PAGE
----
Cauliflower – the king of winter vegetables – 3 recipe ideas (gluten-free; dairy-free; vegan)

 

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Cauliflower roasted, stir fried, and steaks. Image: Kathryn Hawkins

When it comes to the winter months of the year, trying to buy only home-grown, British vegetables (as is my want) can be quite challenging especially if you desire something other than starchy root crops. In my opinion, the humble cauliflower reigns supreme at this time of year as it is a welcome diversion in flavour, taste and texture.

However, my thoughts haven’t always been so positive towards the cauliflower. At school, cauliflower was boiled beyond all recognition and served as a watery, soft mush – enough to put anyone off the vegetable for life. Yet, today, it is one of the “on trend” vegetables. If you cook it correctly, cauliflower has a  meaty texture, sweet flavour, and best of all, it can be cooked in many ways. It’s full of vitamin C and K, as well as B vitamins and dietary fibre. Easy to prepare, you can eat just about all of it from the inner the cream-coloured curds  to the outer wrapping of juicy leaves.

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Preparing cauliflower. Images: Kathryn Hawkins

The leaves help protect the curds, so try to buy the vegetable with as much greenery as possible. If you want to store cauliflower for a few days,  keep the leaves intact and place the stalk-end in a shallow depth of water in a bowl, in the fridge, and the cauliflower should keep fresh for up to a week.

To prepare, discard any damaged outer leaves, but keep the inner, more tender leaves – these can be cooked like cabbage. Once the curds are free from leaves, slice or break the head into florets. Prepared cauliflower florets dehydrate quickly so are best cooked soon after preparation.

I rarely cook cauliflower in water, but if I do, it is for a very short time only – the curds can get very spongy very quickly when cooked in water, and the flavour will be lost.

Following are my current 3 favourite ways of cooking cauliflower for maximum taste and texture: roasting, griddled steaks and stir-fried sprouting stems.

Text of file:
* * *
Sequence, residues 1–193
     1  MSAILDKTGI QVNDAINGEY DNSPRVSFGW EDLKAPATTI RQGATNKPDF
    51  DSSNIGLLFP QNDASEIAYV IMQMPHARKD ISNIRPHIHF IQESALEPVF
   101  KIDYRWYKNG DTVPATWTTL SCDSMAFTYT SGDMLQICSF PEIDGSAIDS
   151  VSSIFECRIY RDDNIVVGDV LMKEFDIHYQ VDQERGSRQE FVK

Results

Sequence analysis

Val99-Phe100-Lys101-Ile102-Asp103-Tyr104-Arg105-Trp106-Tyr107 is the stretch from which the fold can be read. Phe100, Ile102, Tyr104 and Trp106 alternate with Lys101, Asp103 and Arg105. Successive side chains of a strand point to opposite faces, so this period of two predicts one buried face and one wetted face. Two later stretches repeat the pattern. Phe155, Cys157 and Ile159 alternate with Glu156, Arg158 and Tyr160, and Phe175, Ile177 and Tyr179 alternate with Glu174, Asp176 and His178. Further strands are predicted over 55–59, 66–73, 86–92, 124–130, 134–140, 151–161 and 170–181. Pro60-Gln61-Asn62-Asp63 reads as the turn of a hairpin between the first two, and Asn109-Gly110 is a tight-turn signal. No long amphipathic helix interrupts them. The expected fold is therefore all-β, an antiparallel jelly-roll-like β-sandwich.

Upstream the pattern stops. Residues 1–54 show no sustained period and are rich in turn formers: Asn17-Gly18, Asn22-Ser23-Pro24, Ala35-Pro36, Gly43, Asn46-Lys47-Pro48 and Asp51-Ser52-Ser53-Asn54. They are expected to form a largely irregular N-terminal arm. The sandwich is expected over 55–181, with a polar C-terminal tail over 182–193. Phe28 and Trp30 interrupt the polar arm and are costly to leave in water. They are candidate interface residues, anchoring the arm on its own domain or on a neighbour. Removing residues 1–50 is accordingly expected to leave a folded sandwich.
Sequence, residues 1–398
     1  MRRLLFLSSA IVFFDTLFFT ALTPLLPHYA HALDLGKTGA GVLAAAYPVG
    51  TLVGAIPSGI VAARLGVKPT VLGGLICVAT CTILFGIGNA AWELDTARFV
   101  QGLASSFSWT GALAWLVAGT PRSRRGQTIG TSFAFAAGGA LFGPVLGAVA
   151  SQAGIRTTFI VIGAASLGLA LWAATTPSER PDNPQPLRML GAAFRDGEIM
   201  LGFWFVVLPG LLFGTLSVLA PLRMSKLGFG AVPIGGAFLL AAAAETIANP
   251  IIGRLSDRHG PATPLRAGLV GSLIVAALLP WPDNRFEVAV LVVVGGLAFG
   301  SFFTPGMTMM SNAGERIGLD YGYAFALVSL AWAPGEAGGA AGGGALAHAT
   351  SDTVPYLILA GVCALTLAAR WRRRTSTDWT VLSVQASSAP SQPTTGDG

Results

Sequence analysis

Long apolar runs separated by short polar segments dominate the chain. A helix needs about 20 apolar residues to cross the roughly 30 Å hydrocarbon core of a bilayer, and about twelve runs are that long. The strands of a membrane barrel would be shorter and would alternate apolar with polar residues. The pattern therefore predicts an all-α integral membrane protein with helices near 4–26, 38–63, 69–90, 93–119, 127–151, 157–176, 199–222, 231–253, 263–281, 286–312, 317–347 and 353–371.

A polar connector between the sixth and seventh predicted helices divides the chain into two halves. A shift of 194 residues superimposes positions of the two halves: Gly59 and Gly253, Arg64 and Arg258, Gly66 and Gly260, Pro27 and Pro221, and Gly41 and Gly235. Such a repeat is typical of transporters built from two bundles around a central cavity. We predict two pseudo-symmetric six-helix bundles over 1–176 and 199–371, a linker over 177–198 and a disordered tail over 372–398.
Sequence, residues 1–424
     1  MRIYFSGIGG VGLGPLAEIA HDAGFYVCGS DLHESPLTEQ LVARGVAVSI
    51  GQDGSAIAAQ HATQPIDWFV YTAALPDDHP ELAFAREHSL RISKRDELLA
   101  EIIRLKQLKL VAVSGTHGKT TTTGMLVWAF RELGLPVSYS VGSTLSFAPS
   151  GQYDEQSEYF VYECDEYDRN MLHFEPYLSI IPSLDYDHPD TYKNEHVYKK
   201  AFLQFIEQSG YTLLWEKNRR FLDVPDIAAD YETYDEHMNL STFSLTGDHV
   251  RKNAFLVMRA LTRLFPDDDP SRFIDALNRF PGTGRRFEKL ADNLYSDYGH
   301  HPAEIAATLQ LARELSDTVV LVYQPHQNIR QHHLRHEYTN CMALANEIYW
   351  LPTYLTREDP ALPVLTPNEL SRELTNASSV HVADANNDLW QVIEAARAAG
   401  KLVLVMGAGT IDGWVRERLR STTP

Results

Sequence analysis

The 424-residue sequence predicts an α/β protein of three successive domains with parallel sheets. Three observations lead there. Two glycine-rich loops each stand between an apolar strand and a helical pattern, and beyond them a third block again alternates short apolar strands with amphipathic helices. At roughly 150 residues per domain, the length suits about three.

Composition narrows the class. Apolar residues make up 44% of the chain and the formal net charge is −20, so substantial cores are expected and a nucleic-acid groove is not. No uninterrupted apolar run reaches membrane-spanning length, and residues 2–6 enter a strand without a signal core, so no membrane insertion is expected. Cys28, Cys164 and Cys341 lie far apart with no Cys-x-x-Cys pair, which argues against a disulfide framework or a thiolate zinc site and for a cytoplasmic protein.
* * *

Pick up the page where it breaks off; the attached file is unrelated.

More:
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Roast cauliflower with Indian spices. Image: Kathryn Hawkins

Toss chunky florets of cauliflower and  thickly sliced red onion in sunflower oil. Season with garam masala to taste. Spread out on a baking tray, season with salt and pepper and roast at 200°C (180°C fan oven, gas 6) for about 30 minutes, turning occasionally. Mix in cooked chick peas and return to the oven for a further 10 minutes until everything is lightly browned. Drain well, then serve sprinkled with black onion seeds. For a main meal,  mix into freshly cooked Basmati rice and sprinkle with fresh coriander and roasted cashew nuts.

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Freshly roasted spiced cauliflower. Image: Kathryn Hawkins

Probably the most popular way to serve cauliflower at the moment is as a steak. I usually cut the prepared curds into 2cm thick slices and poach them in simmering water for a couple of minutes before frying or placing on a griddle or barbecue – a large frying pan is good for poaching as it enables you to lift out the steaks more easily. Use tongs to make sure you drain the steaks well,  and dry them on kitchen paper so that excess cooking water is removed before cooking in oil.

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Pre-cooking cauliflower steaks. Image: Kathryn Hawkins
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Cauliflower steaks with Italian flavours. Image: Kathryn Hawkins

Brush the prepared cauliflower steaks lightly with vegetable oil on one side. Heat a griddle pan or frying pan until very hot, then add the streaks, oiled-side down. Press into the pan, reduce the heat to medium, and cook for 2-3 minutes until golden or lightly charred. Brush the top with more oil, and turn the steaks over. Cook for a further 2-3 minutes or until cooked to you liking. Serve straight from the pan drizzled with extra virgin olive oil, balsamic glaze or reduction, and toasted pine nuts. Top with griddled cherry vine tomatoes and fresh basil.

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Sweet sprouting cauliflower. Image: Kathryn Hawkins